I want to throw up. It’s Sunday afternoon, and I need to get to a 12 step meeting—fast. I believe in God. I attend church regularly. But today I’m anxious, and the cravings for a drink or a drug consume me. Christian, you say? Certainly. Addict, too. The fact is I encountered Christ long before I encountered hash or vodka. But then came adolescence and an insatiable desire to be totally free.
Sitting in an uncomfortable pew contemplating the pros and cons of getting drunk or high, a gloomy feeling of despair comes over me. Just then, the choir breaks out into a jovial rendition of “Oh Happy Day.” Why do people congregate in religious theaters anyway? Perhaps it is the safest anesthetic one can find-a place where suffering can’t hurt us, at least for one hour a week. An ideal place for protecting, covering up.
I am not a saint. I am a believer in exile. I am in here with the faithful but somehow relate better to the addicts out there. It is not an easy thing to do, entering the doors of abstinence and staying put. I have a medical disease which I can truly call my own. Practice. Practice. Practice.
French writer Marguerite Duras shares intimate insights of her own struggle with the bottle: “Alcohol’s job is to replace creation. And that’s what it does for a lot of people…it helps us bear the void in the universe-the motion of the planets, their imperturbable wheeling through space, their silent indifference to the place of our pain. A person who drinks is interplanetary.” (p.17, Practicalities).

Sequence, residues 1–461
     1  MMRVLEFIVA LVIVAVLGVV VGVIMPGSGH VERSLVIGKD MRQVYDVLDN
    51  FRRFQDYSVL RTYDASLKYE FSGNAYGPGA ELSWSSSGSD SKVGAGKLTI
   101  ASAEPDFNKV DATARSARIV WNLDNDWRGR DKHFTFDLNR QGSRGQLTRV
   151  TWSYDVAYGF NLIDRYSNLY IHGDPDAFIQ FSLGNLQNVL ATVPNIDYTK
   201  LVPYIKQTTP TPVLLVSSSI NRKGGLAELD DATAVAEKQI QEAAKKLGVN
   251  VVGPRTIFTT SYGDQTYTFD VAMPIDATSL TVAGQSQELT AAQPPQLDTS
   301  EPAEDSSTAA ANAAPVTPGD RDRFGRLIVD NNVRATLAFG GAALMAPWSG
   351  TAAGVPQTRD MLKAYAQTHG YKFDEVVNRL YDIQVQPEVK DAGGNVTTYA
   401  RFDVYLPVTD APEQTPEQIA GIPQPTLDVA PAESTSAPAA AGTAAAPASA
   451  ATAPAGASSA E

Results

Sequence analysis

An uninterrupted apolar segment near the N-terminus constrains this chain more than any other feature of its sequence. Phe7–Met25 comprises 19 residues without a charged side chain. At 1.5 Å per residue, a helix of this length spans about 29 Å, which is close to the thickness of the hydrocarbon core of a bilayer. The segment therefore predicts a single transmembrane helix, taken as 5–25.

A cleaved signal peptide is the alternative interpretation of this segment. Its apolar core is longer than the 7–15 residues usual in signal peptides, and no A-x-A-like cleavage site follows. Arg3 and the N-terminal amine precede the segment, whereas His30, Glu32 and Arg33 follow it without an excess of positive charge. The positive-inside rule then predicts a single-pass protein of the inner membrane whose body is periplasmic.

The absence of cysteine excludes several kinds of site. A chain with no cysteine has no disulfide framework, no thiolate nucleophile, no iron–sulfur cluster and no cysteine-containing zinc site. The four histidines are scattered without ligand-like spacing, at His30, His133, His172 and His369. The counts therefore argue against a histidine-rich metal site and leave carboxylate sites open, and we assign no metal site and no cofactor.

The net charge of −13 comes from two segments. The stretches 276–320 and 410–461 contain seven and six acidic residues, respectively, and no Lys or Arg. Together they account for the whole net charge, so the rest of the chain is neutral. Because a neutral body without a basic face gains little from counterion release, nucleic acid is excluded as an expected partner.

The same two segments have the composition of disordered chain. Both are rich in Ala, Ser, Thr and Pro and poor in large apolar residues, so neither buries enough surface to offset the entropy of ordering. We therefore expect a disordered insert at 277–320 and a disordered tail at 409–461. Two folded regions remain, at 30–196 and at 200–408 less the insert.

For a few years, the drugs helped me bear the void, temper the pain of my interplanetary existence. But then something went awry. I could no longer confront reality with the personal bravery that is required to triumph over escapism. My need to retract and distract are deeply rooted. The natural course is to blot out my mind. Instead, I pray when I can and enlist others to join me: “Let your hand be with me, and keep me from harm so that I will be free from pain” (1 Chronicles 4:10).
Self-ordained junkies always go hand in hand into the arena of chemical composition; they overdose alone. There’s a break in the service. The minister invites members of the congregation to approach the microphone and share prayer requests. I resist by counting the time on the clock until I can get to an AA meeting on Church Street (ironically), which begins in two hours.
I am not healed by dogma alone, but also by the love and non-judgmental circle of my anonymous 12 step friends. These are people just like me-wasted but willing to start over if someone will give us the chance to go on living, to bear the void (with faith as our guide) in an alcohol and drug free fashion.
I make no claim to know God fully. But, He knows me. I speak to Jesus the way I play-impractically. He has an aptitude for tenderness. No furious yelling or condemnation. He simply comes alongside me and baptizes me with tears. I feed on the tears.
Today my brain is clear. I am a faithful junkie staying sober on love. Now I can dream.